There is 0 respect and 0 consideration, these people are disrespectful to all of the families in our row of houses, they stand in their garden after 10pm at night and have very loud conversations right under the window where my 2 girls sleep, often waking them up. When you have 2 children that find it difficult to fall and stay asleep this is beyond frustrating! But my voice is a lone one, no one else seems to back me up, bar one other resident, possibly in fear of repercussions. Since we started experiencing issues with these people we’ve had 2 visitors to our house – my parents – this tells me that we are being isolated even further than we already feel, and this causes me so much stress at the moment, especially as I feel that my children can’t invite any friends to our house. Oh and I forgot to also mention the Cannabis fumes that float into our home on a daily basis so much that we cannot have our patio doors or the girls’ bedroom window open as the rooms would fill with the fumes.
Oh and one of the most difficult things for me to get my head around is that the lead tenant of the household works in a local school in an Autism base! Surely this person should realise the effects of Anti social behaviour on people on the Autistic Spectrum? You would think? I certainly would want my child going to this school! At the very least I would have thought that this person should be aware that both of my children are very wary of loud noises.
So the housing agency we rent from asked me to keep an ‘Anti-Social Behaviour’ diary, which I have done since March 2017, like I haven’t already got enough on my plate! And just in case I may be making it all up! Then cue a visit from our local housing warden, which I have to admit was the most awkward interaction that I’ve had for a very long time!
The ‘warden’ (as I’ll refer to this person as for the purposes of this post,) proceeded to tell me that my complaint was “far too long” that I’d written about what we’ve been encountering as a family. The Warden sarcastically (I think) said that:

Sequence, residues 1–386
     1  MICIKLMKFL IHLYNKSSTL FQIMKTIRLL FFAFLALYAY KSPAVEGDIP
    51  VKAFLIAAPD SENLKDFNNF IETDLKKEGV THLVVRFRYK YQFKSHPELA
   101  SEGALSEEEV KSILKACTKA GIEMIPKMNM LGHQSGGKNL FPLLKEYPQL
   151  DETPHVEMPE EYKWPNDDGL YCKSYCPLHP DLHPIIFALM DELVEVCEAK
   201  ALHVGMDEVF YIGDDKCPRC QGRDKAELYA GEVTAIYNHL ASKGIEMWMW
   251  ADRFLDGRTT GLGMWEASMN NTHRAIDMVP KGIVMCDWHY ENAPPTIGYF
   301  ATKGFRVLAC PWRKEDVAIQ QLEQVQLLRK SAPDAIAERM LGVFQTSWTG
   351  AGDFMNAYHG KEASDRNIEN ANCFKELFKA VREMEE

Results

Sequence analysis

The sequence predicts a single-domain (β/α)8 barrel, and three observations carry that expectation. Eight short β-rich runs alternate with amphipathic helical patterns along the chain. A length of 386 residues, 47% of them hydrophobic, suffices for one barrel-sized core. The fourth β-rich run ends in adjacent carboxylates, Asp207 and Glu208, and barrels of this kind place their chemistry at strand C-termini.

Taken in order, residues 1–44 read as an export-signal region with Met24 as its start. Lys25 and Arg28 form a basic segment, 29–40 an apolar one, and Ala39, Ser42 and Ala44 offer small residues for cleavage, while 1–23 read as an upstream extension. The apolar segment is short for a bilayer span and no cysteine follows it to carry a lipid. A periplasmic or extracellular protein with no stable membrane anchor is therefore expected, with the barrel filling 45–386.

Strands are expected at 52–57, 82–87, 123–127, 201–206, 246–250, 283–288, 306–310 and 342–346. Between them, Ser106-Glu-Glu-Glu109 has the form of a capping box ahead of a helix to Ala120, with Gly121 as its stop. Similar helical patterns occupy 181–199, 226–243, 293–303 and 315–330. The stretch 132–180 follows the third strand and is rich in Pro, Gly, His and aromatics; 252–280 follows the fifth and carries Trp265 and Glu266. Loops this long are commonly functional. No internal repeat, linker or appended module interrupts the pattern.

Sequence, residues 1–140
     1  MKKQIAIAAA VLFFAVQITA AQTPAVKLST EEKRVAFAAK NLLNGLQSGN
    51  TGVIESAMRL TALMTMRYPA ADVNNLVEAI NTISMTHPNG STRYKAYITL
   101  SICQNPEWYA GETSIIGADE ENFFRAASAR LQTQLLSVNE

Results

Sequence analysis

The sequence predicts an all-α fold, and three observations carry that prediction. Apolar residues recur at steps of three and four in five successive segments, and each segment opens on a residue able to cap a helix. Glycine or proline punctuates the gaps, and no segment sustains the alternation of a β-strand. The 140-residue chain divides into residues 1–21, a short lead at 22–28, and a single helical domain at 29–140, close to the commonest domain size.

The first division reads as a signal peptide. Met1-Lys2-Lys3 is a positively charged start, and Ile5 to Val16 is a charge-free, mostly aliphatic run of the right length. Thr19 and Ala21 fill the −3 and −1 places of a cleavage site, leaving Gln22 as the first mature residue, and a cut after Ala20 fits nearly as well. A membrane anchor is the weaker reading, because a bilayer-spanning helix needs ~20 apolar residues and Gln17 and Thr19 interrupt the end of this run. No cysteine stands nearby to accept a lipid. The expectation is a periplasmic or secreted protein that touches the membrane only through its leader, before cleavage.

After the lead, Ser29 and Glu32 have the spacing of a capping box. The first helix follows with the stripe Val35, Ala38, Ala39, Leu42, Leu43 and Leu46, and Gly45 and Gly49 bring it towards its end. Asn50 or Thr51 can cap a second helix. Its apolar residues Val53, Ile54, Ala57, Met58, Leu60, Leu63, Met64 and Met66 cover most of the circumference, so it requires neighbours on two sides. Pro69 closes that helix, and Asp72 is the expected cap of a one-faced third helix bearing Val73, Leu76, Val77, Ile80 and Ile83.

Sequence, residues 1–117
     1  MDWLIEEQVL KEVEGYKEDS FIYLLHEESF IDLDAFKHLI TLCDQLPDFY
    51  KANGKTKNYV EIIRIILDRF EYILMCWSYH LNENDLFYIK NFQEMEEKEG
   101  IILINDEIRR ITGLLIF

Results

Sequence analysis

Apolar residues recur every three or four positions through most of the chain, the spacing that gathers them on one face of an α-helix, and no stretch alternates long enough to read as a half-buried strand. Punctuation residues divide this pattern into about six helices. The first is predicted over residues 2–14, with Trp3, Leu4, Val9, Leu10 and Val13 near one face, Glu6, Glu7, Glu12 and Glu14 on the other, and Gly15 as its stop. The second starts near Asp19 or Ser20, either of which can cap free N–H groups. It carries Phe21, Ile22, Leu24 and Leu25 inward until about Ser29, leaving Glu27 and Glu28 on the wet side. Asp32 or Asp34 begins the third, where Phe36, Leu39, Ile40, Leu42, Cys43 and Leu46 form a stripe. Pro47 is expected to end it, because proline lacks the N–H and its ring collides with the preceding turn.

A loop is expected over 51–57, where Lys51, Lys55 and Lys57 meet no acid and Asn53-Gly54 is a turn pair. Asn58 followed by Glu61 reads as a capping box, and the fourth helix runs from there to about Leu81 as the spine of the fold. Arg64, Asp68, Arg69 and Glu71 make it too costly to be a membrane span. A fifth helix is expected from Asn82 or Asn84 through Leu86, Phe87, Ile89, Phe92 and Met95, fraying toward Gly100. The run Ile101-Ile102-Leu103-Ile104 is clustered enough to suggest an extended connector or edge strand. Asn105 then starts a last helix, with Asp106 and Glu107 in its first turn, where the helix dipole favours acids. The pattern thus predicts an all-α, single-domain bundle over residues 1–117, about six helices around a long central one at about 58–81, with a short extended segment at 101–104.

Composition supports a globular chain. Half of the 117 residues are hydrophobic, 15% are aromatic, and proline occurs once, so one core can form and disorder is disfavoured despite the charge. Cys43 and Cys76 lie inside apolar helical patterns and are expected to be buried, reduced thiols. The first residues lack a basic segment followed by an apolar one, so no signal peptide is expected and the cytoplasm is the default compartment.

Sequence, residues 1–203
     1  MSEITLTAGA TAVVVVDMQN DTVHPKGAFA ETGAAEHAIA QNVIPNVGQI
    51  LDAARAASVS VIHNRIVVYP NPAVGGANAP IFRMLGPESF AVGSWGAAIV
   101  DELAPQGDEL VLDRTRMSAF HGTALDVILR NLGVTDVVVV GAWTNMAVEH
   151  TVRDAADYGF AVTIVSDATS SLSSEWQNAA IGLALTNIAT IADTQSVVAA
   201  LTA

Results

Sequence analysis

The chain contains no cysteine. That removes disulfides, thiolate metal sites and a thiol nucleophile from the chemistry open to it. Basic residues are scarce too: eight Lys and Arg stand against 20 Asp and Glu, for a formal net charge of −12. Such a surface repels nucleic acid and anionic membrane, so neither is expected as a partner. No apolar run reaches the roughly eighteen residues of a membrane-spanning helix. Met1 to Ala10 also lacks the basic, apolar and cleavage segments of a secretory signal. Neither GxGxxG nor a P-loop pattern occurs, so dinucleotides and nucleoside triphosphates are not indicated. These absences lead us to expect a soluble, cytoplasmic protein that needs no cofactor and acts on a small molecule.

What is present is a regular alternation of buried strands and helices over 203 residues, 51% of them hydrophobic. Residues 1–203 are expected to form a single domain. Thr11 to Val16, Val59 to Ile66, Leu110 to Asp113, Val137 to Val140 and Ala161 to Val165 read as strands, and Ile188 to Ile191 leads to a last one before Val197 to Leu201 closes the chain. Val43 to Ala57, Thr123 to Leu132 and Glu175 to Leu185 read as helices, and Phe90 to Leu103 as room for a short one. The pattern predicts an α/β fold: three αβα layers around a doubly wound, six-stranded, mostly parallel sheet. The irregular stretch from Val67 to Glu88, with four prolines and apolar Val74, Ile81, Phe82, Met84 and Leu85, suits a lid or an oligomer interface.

“By the time I’d printed off your complaint everyone else in the office had gone home.” On another day I may have found this funny, but not today when we were talking about a serious situation. So for the rest of this part of my post I will bullet point how helpful the ‘warden’ was.
(I did try and explain that I’m a blogger and writing is what I ‘do’ and that people on the ASD spectrum will often include all the details they know in fear of missing something out, that could be a vital piece of information.)
- 60% of the conversation we had over the span of an hour was filled with jokes, everyone needs a laugh now and again, but again, for a serious matter I found it difficult to understand the warden’s jokes, and by the time my mum had explained them to me, they were far from funny! My mum (sitting in on the conversation, and glad I preempted this,) attempted to explain that “my daughter doesn’t always understand jokes.) But no – unfortunately no understanding there.
- “I’ve had much worse” and “other people have it much worse than this.” The Warden, in an attempt to make me feel better about the situation unknowingly made it worse! By proceeding to tell me that “only last week someone tried to kill me.” And that “in other areas they have it much worse than this.” Leaving me with the feeling that I don’t really wish to stick around to allow it to get this bad! For me it is difficult to see the outer world when I’m under great stress in my little world – within my family and surroundings, it may be the case that situations are much worse in inner city areas, but we are based in a small village and I didn’t feel that my situation and feelings were taken seriously, I didn’t need to have the worry placed into my head about how worse it can get.